The Power of Word-of-Mouth
In 2011, I was fortunate to check a major item off my bucket list: Visit New Zealand’s South Island. Knowing it would be an expensive adventure, I meticulously researched each hotel, restaurant and activity using TripAdvisor.com to ensure that I would get the best experiential value based on the reviews of others.
Advertising spent on brochures, web design, billboard advertising, TV or radio had no influence on me and where I chose to spend my money. Every decision I made was based on the opinions of others.
Well, I wasn’t let down. I had the time of my life!
Recently, while visiting a drop zone in the Midwest, I pulled into the parking lot of a recommended hotel and read reviews about it on Yelp.com. Had the reviews been negative, I would have carried on with my hotel search. My consumer behavior is consistent with Generation Y which places a premium on experience over expense and makes decisions from quick research using a smartphone.
This behavior is not limited to the service industry, as I, and others like me, have conveniently selected dentists, doctors, computer repair techs and a myriad of other services using review sites.
There has been a lot of criticism in the media about review sites like Yelp and others because of so-called review padding by owners of establishments who create positive reviews for themselves. If a business operator delivers a poor product or service, no amount of padding can outweigh the tidal wave of negativity that will crash on a business from savvy consumers.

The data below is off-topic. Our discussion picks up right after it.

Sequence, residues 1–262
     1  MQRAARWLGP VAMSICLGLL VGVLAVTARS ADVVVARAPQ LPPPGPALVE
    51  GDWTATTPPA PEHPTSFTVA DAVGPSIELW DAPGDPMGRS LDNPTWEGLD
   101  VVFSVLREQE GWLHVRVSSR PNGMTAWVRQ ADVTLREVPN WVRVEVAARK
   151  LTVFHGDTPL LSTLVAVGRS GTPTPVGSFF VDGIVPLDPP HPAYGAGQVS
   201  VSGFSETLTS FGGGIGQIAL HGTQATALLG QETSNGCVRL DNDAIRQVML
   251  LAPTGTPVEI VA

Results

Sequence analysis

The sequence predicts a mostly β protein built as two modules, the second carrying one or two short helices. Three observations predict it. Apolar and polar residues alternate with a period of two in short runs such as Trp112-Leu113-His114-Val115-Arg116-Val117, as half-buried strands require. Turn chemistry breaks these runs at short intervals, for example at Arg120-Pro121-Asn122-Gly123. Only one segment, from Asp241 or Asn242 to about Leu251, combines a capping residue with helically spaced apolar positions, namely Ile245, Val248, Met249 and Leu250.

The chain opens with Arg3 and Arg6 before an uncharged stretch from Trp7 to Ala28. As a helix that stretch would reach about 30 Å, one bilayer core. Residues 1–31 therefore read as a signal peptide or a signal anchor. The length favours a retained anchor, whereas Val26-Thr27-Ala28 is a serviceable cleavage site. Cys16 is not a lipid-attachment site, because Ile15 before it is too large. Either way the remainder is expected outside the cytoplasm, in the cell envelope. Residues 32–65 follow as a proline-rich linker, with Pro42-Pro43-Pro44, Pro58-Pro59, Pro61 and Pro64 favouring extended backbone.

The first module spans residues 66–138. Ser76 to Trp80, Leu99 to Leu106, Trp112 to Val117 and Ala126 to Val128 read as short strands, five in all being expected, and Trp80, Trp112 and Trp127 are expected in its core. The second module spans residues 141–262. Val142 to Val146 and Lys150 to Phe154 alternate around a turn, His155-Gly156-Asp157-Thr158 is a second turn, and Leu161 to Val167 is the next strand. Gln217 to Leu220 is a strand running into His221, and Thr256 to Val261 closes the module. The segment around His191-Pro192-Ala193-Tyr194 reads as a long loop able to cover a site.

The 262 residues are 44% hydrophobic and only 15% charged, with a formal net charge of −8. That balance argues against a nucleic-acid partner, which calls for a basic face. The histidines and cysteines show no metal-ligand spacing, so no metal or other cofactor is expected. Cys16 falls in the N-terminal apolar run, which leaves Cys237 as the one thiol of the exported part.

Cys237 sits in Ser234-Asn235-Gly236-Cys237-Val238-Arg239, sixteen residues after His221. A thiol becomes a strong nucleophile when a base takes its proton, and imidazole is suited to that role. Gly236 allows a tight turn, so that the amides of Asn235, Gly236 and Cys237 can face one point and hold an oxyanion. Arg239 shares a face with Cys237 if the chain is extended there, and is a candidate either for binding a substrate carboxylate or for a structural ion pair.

Review sites are here to stay and effectively utilizing them is a key to a drop zone’s success today and in the future.
Word-of-mouth (WOM) has always been the most credible and effective mode of marketing, but its transmission beyond our small social circles had been limited by our interactions. Prior to the smartphone, an average consumer would tell three friends about a great experience and 10 about a bad experience.
Today, Facebook and Twitter deliver opinions, both positive and negative, to thousands of people in seconds. A company’s survival centers around great service, selling an excellent product, and using new mediums for marketing.
Once considered to be in a different category from marketing, customer service has transitioned from being an extremity to being at the heart of influencing consumers on where to spend their money. Inspire your customers through exceptional service to utilize the technology available and create rave reviews.
Gaining Competitive Advantage: Leveraging WOM
Leveraging word-of-mouth is both effective and inexpensive when attempting to raise a company’s profile in a busy marketplace. An example of this is the story of my family and how they utilized TripAdvisor to transform their business.
My parents operate an eco-kayaking tour on the island of Antigua, competing with 67 other tour companies vying for cruise ship passengers arriving each day between November and April. How does a literal mom-and-pop compete with no advertising budget and thrive? The answer: Craft a five-star experience complemented with superior service and then ask your customers to review the trip.
The result? Their business tripled after they moved up the TripAdvisor rankings from 26th to number one in the country. Their customers became the marketing team and word spread virally about the Antigua Paddles experience. Any drop zone in the skydiving industry can adopt this strategy and be successful if implemented correctly.
The advent of the smartphone is a game-changer. At no time in history have consumers had the power to effect the success or failure of an organization. The very survival of a company not only depends on a product or service but also how the customer feels and most importantly, how that feeling is shared.
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